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We Wouldn't Be Too Quick To Buy Pacific Textiles Holdings Limited (HKG:1382) Before It Goes Ex-Dividend

Simply Wall St

Pacific Textiles Holdings Limited (HKG:1382) stock is about to trade ex-dividend in 4 days time. If you purchase the stock on or after the 13th of August, you won't be eligible to receive this dividend, when it is paid on the 29th of August.

Pacific Textiles Holdings's next dividend payment will be HK$0.25 per share. Last year, in total, the company distributed HK$0.57 to shareholders. Last year's total dividend payments show that Pacific Textiles Holdings has a trailing yield of 9.9% on the current share price of HK$5.76. Dividends are an important source of income to many shareholders, but the health of the business is crucial to maintaining those dividends. As a result, readers should always check whether Pacific Textiles Holdings has been able to grow its dividends, or if the dividend might be cut.

See our latest analysis for Pacific Textiles Holdings

Dividends are typically paid from company earnings. If a company pays more in dividends than it earned in profit, then the dividend could be unsustainable. Pacific Textiles Holdings paid out 96% of its earnings, which is more than we're comfortable with, unless there are mitigating circumstances. Yet cash flows are even more important than profits for assessing a dividend, so we need to see if the company generated enough cash to pay its distribution. It paid out 85% of its free cash flow as dividends, which is within usual limits but will limit the company's ability to lift the dividend if there's no growth.

It's good to see that while Pacific Textiles Holdings's dividends were not well covered by profits, at least they are affordable from a cash perspective. Still, if the company continues paying out such a high percentage of its profits, the dividend could be at risk if business turns sour.

Click here to see the company's payout ratio, plus analyst estimates of its future dividends.

SEHK:1382 Historical Dividend Yield, August 8th 2019

Have Earnings And Dividends Been Growing?

Businesses with shrinking earnings are tricky from a dividend perspective. If earnings fall far enough, the company could be forced to cut its dividend. Pacific Textiles Holdings's earnings per share have fallen at approximately 5.1% a year over the previous 5 years. Ultimately, when earnings per share decline, the size of the pie from which dividends can be paid, shrinks.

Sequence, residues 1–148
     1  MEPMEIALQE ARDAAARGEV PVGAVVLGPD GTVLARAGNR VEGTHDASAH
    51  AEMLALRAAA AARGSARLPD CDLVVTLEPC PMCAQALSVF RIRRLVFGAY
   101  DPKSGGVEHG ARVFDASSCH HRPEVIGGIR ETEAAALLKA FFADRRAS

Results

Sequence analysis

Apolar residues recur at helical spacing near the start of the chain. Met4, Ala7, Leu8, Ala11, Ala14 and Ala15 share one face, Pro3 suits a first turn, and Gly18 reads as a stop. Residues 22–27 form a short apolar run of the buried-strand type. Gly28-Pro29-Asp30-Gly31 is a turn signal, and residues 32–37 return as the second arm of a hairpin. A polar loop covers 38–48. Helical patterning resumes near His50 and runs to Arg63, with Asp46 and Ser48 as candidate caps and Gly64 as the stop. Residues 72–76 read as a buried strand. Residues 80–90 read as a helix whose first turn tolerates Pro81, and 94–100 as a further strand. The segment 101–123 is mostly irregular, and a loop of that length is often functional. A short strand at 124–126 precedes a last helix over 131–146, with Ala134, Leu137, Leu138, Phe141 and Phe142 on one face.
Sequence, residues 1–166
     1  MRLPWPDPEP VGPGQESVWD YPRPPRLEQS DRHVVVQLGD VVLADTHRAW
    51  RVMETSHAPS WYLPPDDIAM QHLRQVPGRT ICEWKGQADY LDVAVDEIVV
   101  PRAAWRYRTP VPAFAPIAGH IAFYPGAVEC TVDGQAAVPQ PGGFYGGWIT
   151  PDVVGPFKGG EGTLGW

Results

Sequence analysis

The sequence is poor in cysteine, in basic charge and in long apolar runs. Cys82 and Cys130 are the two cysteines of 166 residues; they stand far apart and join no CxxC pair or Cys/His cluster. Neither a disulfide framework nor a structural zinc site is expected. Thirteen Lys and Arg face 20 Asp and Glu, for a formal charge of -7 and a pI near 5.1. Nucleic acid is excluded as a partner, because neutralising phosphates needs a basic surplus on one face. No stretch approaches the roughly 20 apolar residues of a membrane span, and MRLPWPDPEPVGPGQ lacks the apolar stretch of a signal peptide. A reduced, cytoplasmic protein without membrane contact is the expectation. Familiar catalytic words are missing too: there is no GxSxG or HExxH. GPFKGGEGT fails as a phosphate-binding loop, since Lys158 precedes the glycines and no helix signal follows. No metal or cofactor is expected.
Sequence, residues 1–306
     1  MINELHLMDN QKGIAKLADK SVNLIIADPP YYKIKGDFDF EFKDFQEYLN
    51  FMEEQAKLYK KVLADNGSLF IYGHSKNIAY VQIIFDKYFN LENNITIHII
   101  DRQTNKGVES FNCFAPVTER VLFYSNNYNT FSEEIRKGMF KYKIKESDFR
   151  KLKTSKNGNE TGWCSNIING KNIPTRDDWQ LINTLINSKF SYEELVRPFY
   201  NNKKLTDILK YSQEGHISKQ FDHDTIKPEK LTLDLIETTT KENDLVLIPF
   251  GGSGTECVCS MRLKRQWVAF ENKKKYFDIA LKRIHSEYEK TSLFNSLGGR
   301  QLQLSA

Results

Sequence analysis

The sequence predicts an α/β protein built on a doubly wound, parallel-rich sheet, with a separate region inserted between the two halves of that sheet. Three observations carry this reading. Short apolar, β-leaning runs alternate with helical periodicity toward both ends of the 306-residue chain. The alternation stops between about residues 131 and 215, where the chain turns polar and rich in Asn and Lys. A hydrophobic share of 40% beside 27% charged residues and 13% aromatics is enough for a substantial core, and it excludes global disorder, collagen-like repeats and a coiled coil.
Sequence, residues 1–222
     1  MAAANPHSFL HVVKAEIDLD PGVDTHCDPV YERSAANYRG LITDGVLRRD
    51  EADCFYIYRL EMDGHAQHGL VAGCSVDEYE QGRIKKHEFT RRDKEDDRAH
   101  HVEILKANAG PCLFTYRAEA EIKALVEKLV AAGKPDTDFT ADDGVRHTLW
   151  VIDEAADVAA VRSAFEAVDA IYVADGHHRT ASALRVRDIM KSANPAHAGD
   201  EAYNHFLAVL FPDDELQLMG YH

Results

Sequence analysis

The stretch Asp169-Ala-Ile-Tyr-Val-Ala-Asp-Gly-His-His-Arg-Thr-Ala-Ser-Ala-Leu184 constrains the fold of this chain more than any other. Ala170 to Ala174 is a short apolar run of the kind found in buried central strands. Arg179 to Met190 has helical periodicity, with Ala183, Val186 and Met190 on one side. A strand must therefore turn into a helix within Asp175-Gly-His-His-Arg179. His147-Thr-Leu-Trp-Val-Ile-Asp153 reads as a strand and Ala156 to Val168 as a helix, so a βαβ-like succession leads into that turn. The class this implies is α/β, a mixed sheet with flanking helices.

Another key way to measure a company's dividend prospects is by measuring its historical rate of dividend growth. In the past 10 years, Pacific Textiles Holdings has increased its dividend at approximately 25% a year on average. That's intriguing, but the combination of growing dividends despite declining earnings can typically only be achieved by paying out a larger percentage of profits. Pacific Textiles Holdings is already paying out 96% of its profits, and with shrinking earnings we think it's unlikely that this dividend will grow quickly in the future.

To Sum It Up

From a dividend perspective, should investors buy or avoid Pacific Textiles Holdings? Earnings per share have been shrinking in recent times. What's more, Pacific Textiles Holdings is paying out a majority of its earnings and over half its free cash flow. It's hard to say if the business has the financial resources and time to turn things around without cutting the dividend. Overall it doesn't look like the most suitable dividend stock for a long-term buy and hold investor.

Wondering what the future holds for Pacific Textiles Holdings? See what the seven analysts we track are forecasting, with this visualisation of its historical and future estimated earnings and cash flow

A common investment mistake is buying the first interesting stock you see. Here you can find a list of promising dividend stocks with a greater than 2% yield and an upcoming dividend.

We aim to bring you long-term focused research analysis driven by fundamental data. Note that our analysis may not factor in the latest price-sensitive company announcements or qualitative material.

If you spot an error that warrants correction, please contact the editor at editorial-team@simplywallst.com. This article by Simply Wall St is general in nature. It does not constitute a recommendation to buy or sell any stock, and does not take account of your objectives, or your financial situation. Simply Wall St has no position in the stocks mentioned. Thank you for reading.